Undaunted, the same people predicted great things as a result of George W. Bush’s tax cuts. What happened instead was a sluggish recovery followed by a catastrophic economic crash.
Most recently, the usual suspects once again predicted doom in 2013, when taxes on the 1 percent rose sharply due to the expiration of some of the Bush tax cuts and new taxes that help pay for health reform. What happened instead was job growth at rates not seen since the 1990s.
Then there’s the recent state-level evidence. Kansas slashed taxes, in what its right-wing governor described as a “real live experiment” in economic policy; the state’s growth has lagged ever since. California moved in the opposite direction, raising taxes; it has recently led the nation in job growth.
True, you can find self-proclaimed economic experts claiming to find overall evidence that low tax rates spur economic growth, but such experts invariably turn out to be on the payroll of right-wing pressure groups (and have an interesting habit of getting their numbers wrong). Independent studies of the correlation between tax rates and economic growth, for example by the Congressional Research Service, consistently find no relationship at all. There is no serious economic case for the tax-cut obsession.
Still, tax cuts are politically popular, right? Actually, no, at least when it comes to tax cuts for the wealthy. According to Gallup, only 13 percent of Americans believe that upper-income individuals pay too much in taxes, while 61 percent believe that they pay too little. Even among self-identified Republicans, those who say that the rich should pay more outnumber those who say they should pay less by two to one.
So every Republican who would be president is committed to a policy that is both demonstrably bad economics and deeply unpopular. What’s going on?
Well, consider the trajectory of Marco Rubio, who may at this point be the most likely Republican nominee. Last year he supported a tax-cut plan devised by Senator Mike Lee that purported to be aimed at the poor and the middle class. In reality, its benefits were strongly tilted toward high incomes — but it still drew harsh criticism from the right for giving too much to ordinary families while not cutting taxes on top incomes enough.
So Mr. Rubio came back with a plan that eliminated taxes on dividends, capital gains, and inherited wealth, providing a huge windfall to the very wealthy. And suddenly he was gaining a lot of buzz among Republican donors. The new plan would add trillions to the deficit, which conservatives claim to care about, but never mind.
In other words, it’s straightforward and quite stark: Republicans support big tax cuts for the wealthy because that’s what wealthy donors want. No doubt most of those donors have managed to convince themselves that what’s good for them is good for America. But at root it’s about rich people supporting politicians who will make them richer. Everything else is just rationalization. . .
. . . I do want to weigh in for a minute on Donald Trump’s tax plan — which would, surprise, lavish huge cuts on the wealthy while blowing up the deficit. That’s in contrast to Jeb Bush’s plan, which would lavish huge cuts on the wealthy while blowing up the deficit, and Marco Rubio’s plan, which would lavish huge cuts on the wealthy while blowing up the deficit.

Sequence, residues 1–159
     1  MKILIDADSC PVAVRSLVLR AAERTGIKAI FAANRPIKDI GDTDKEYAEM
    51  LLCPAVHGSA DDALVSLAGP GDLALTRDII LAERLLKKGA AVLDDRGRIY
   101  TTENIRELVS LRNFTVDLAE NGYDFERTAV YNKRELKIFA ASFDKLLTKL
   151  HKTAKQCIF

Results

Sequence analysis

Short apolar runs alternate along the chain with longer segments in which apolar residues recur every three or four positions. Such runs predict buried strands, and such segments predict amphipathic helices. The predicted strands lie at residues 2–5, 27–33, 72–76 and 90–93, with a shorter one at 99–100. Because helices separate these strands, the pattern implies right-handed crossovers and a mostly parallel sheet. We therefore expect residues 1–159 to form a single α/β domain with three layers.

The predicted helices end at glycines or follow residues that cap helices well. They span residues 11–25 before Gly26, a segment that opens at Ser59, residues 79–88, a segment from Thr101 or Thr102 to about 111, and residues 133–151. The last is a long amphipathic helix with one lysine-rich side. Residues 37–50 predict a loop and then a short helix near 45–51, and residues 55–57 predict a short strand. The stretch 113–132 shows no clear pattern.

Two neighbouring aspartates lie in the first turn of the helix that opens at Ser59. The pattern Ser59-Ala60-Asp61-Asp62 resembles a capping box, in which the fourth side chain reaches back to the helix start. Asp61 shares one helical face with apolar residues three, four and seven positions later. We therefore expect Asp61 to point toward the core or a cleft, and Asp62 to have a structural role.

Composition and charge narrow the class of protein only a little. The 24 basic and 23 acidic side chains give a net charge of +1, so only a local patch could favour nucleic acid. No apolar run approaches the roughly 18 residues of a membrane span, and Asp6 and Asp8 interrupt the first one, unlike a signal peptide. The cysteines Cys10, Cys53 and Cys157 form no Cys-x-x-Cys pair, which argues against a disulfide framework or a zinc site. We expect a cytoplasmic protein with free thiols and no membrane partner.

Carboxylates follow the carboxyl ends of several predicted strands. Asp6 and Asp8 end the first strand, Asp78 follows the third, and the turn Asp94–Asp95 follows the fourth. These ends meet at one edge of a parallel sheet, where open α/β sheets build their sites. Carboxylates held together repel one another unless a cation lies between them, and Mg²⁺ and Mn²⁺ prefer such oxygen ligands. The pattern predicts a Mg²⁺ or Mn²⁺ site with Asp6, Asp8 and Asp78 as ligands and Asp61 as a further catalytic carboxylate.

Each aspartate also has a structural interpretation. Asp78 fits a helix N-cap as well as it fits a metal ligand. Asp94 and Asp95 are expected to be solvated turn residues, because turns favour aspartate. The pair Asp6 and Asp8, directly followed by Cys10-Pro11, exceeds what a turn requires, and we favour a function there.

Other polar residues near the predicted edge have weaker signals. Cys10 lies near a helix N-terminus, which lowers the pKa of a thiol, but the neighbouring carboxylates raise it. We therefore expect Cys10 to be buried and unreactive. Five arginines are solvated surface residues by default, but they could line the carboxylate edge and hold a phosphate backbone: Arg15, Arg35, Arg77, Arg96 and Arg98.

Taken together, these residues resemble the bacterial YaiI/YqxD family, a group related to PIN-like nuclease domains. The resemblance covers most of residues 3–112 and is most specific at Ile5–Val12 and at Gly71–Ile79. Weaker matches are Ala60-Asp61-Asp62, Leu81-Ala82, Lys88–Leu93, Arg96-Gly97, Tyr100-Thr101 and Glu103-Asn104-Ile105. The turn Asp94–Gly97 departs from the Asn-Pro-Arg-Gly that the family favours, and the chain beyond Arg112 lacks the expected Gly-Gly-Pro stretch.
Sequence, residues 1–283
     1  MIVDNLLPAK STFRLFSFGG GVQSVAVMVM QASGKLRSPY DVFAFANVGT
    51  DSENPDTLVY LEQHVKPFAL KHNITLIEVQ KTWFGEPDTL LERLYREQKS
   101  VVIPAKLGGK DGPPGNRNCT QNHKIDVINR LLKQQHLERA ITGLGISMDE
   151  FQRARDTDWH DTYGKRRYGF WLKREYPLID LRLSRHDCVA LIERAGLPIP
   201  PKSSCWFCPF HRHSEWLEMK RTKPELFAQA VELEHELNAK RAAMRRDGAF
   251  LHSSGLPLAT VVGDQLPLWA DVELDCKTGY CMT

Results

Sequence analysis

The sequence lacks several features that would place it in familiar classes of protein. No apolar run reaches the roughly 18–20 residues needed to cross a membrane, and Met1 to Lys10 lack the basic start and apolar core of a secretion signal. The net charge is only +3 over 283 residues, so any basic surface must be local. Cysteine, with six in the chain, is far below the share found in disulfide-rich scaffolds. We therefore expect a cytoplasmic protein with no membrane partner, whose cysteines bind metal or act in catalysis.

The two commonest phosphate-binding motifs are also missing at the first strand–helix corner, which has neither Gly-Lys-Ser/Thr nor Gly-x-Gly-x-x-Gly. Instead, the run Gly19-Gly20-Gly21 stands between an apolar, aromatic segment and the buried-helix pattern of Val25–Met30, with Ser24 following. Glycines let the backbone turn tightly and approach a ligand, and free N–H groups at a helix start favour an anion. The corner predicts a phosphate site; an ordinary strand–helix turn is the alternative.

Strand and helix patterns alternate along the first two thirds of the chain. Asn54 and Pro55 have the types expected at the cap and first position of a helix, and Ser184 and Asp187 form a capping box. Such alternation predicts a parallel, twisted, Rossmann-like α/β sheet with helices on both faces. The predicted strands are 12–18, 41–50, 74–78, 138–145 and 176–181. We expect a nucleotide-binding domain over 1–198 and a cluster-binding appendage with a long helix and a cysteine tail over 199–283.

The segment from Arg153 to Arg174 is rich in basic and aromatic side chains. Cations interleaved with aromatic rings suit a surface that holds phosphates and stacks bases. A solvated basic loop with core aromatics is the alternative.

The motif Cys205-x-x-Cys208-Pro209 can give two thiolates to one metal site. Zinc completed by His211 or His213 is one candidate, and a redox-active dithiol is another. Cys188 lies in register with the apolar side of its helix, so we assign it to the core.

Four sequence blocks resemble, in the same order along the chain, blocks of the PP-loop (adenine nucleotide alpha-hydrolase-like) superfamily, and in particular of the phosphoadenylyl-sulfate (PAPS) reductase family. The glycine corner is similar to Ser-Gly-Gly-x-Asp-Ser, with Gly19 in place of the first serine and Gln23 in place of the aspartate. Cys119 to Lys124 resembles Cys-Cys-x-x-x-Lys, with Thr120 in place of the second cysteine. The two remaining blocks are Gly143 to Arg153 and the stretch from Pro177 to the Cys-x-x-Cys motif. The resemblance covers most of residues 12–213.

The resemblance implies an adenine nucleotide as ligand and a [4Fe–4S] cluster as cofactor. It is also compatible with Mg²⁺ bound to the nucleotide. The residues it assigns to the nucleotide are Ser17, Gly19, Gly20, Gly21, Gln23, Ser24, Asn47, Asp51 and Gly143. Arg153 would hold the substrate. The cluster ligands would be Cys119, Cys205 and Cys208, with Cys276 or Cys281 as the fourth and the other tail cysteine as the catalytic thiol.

At this point there are no Republican candidates deviating at all from the usual pattern. Why, it’s almost as if nobody in the party ever cared about deficits except as an excuse to slash social spending, and is totally committed to redistributing income upward.
And there is, of course, no evidence — zero, nada, zilch — that cutting taxes on the rich will yield large economic benefits.
What we’re seeing here is a party completely incapable of reforming …
A crusty Down Easter made a purchase at a hardware store and was staring hard at the change he was given. The clerk asked, “That’s the correct change, isn’t it?” The grudging reply was “Just barely.”
I was reminded of this by how the NY Times reported a recent story on Hillary Clinton, who is (too) frequently the object of animus from the Times.
The “story,” if you can call it that, is that a Clinton adviser did exactly the proper thing and removed herself from a discussion to avoid any potential conflict of interest.
That’s a news story? If the Times thinks that’s a story, then I have a great news story for them about how a bus full of people avoided crashing into a train!!! The bus came to a stop at the barrier as the train rushed by. Upwards of 50 people might have been killed! The bus was only 20 feet from the train!
That’s the sort of thing that passes for news at the NY Times these days.
The Times devoted 652 words to telling us that a conflict of interest did not arise. Was it a slow news day? Is it a way of breaking in reporters gently: first they report on things that did not happen and then later, as they gain experience, they report on things that do happen?
I think it’s just a particularly naked display of the Times’ traditional Clinton hatred—cf. Whitewater…
Of course, the GOP has devoted a lot of time and effort to prevent the poor from voting: shorter hours, fewer polling places, fewer voting stations, photo-ID requirements, no same-day registration, etc. And it seems to work (in the sense that the poor vote at lower rates). But if you look at this article, the US voting rate is not all that good for any group. From the article:
More charts at the link.